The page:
After almost two years and 176 presidential tweets about the “witch hunt,” the Special Counsel investigation is finally complete. Now that it’s over, the full report should be released to the public.

On May 9, 2017, President Donald Trump fired FBI Director James Comey, who was in the middle of investigating the president. Eight days later, Deputy Attorney General Rob Rosenstein appointed Robert Mueller, a Republican and former FBI director, to head a special counsel investigation and pick up where Comey left off.

The investigation had three purposes: to find the extent of Russia’s interference in the 2016 Presidential Election, to find out if there was any collusion between Russia and the Trump campaign and to see if Donald Trump obstructed justice.

On March 22, 2019, Robert Mueller submitted a 400-page report of their findings to the Justice Department. Two days later, Attorney General William Barr sent a four-page letter to Congress summarizing the report. 

Barr said Russia tried influencing the presidential election in two ways: disinformation and social media campaigns and computer hacking which strategically released emails from the Clinton campaign and the Democratic National Committee.

Leah Day

Thirty-four people and three Russian organizations were indicted by Mueller. Most of the charges were either for conspiracy against the United States, lying or obstructing justice or some kind of tax fraud.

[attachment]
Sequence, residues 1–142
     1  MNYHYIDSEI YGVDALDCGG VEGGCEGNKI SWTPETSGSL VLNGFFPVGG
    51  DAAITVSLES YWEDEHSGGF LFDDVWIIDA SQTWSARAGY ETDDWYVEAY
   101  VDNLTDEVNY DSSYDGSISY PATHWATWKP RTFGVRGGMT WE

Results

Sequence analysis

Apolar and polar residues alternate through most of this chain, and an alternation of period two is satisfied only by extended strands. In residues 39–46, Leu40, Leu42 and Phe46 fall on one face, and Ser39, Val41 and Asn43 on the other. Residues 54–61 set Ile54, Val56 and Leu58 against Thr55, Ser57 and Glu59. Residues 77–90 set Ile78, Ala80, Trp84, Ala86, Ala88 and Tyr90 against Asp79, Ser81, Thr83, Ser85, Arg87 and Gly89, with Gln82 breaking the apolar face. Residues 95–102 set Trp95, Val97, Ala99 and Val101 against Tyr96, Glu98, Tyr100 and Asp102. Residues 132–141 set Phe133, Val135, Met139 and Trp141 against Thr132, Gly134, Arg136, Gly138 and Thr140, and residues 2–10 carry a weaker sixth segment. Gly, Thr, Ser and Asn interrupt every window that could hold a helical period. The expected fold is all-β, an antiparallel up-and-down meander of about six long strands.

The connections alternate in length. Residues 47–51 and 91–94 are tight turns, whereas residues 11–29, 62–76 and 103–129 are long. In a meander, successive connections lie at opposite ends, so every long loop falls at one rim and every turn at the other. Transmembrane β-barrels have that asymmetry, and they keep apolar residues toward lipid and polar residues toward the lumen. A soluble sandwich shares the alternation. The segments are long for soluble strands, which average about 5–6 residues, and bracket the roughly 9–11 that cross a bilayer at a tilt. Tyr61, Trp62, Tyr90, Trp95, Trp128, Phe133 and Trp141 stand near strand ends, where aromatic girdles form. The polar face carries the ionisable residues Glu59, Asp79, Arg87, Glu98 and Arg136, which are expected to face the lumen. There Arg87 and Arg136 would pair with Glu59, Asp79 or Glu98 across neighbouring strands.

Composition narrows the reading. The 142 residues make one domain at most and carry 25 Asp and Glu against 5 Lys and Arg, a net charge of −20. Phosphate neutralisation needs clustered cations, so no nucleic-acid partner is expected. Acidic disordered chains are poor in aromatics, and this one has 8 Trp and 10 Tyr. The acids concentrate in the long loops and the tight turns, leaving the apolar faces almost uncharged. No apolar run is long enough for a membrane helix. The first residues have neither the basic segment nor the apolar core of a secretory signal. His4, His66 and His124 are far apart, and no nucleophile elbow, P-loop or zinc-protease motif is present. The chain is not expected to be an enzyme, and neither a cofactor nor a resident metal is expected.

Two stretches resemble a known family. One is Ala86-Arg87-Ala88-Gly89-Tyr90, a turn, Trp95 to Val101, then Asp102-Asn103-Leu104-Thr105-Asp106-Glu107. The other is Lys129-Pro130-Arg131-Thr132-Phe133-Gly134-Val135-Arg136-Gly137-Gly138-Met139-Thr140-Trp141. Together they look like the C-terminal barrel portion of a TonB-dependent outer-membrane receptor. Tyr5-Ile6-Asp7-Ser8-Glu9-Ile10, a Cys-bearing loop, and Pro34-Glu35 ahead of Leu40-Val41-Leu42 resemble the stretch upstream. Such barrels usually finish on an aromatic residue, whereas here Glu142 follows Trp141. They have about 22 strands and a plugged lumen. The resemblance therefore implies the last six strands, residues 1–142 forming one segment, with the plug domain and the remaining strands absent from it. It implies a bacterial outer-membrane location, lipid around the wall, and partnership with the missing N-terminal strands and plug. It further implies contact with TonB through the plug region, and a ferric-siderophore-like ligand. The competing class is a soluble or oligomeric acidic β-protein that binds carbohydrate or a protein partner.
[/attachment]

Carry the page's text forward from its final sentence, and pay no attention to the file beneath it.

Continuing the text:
Of the 34 people indicted, seven were Americans: former Trump Campaign Manager Paul Manafort, his associate Rick Gates, former National Security Advisor Michael Flynn, Donald Trump’s former personal lawyer Michael Cohen, political consultant Roger Stone, former member of the Trump campaign’s foreign policy advisory panel George Papadopoulos and a fake ID salesman named Richard Pinedo.

According to Mueller’s report, the special counsel “did not establish that members of the Trump Campaign conspired or coordinated with the Russian government in its election interference activities.” Basically, he says the president and his campaign did not collude with Russia. But they could not reach a conclusion on the question of obstruction of justice, saying that “while this report does not conclude that the President committed a crime, it also does not exonerate him.” Barr and Rosenstein concluded there was not enough evidence to convict the president of obstruction of justice. 

After having Barr’s summary further summarized for him, the president tweeted, “No Collusion, No Obstruction, Complete and Total EXONERATION. KEEP AMERICA GREAT!” 

The full report must be released. 

The president is not totally exonerated. In fact, the report specifically says he isn’t. Barr and Rosenstein were appointed by Trump, it is not their job to reach these conclusions.

The full report must be released.

Public officials work for us — the public. We elected Donald Trump. We pay his salary. We paid for this investigation. We deserve to see the evidence and the findings ourselves. 

The full report must be released.

Barr’s four-page summary did not answer important questions and raised a million new ones. Why did the president lie about the Trump Tower meeting? Why did he say Russia didn’t meddle in the election? Why did so many people connected to him lie to the FBI and Congress? Why wasn’t Trump interviewed by the special counsel? Why didn’t they draw a conclusion on obstruction? What evidence do they have?

The full report must be released.

Transparency is key in any democratic government. The House of Representatives unanimously voted to release the report. Senate Majority Leader Mitch McConnell won’t let it come to a vote in the Senate. What is there to hide?

The full report must be released.